Presidents Joseph Biden and Xi Jinping, of the US and China respectively, met at the G20 summit in Bali, shaking hands cordially in greeting. However, they only cemented points of national agreement and left issues, such as Taiwan, on the table. There will be trouble brewing in a couple of years with regards to Taiwan, by 2024, when the US are due to change their president, and we don’t know whether or not President Biden will be re-elected for a second term or whether Donald Trump will be given a second chance. I, for one, do not understand how Trump can earn the right to stand as the Republican candidate with a number of court cases outstanding against him. But the US is different! There could be a change in the attitude of the US government should there be a Republican in the White House and, if it be Trump, it will be impossible to predict what will happen with his maverick style.
However, in the near term, Putin will reappear if the present stalemate is favourable to him; otherwise he will let his generals run things, or appear to, so they can carry the blame if things go wrong. The end game is in sight, but don’t hold your breath!
About the author:
Dr J Scott Younger, OBE, is a professional civil engineer; he spent 42 years in the Far East undertaking assignments in 10 countries for WB, ADB, UNDP. He published many papers; he was a columnist for Forbes Indonesia and Globe Asia. He served on British & European Chamber boards and was a Vice Chair of Int’l Business Chamber for 17 years. His expertise is infrastructure and sustainable development and he takes an interest in international affairs. He is an International Chancellor of the President University, Indonesia. He is a member of IFIMES Advisory Board. Lived and worked in Thailand from 1978 to 1983 and visited Burma, Bangladesh and Nepal for projects.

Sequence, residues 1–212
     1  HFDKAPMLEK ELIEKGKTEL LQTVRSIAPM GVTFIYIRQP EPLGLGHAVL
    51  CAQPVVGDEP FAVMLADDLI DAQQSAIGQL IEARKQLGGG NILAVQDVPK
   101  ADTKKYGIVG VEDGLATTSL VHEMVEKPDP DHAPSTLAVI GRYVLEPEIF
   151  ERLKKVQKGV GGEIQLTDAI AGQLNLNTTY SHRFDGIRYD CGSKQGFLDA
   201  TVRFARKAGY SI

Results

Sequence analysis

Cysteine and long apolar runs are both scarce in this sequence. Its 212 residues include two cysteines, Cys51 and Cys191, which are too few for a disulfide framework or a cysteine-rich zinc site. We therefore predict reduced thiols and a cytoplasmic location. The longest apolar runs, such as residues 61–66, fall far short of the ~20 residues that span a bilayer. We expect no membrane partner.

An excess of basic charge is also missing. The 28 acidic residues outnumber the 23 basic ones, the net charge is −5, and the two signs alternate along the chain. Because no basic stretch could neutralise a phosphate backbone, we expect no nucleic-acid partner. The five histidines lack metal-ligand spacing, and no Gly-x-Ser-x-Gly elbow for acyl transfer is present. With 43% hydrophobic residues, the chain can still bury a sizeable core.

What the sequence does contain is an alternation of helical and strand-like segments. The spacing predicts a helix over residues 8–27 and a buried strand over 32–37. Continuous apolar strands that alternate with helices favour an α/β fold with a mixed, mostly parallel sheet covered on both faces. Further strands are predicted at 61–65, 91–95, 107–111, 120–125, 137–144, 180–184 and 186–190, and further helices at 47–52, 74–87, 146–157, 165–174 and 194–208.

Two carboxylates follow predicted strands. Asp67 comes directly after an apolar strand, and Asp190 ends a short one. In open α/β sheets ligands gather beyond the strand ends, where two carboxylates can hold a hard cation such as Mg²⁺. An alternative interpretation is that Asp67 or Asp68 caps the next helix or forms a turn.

The views expressed in this article are the author’s own and do not necessarily reflect IFIMES official position.
Ljubljana/Glasgow, 28 November 2022
 IFIMES – International Institute for Middle East and Balkan Studies, based in Ljubljana, Slovenia, has Special Consultative status at ECOSOC/UN, New York, since 2018.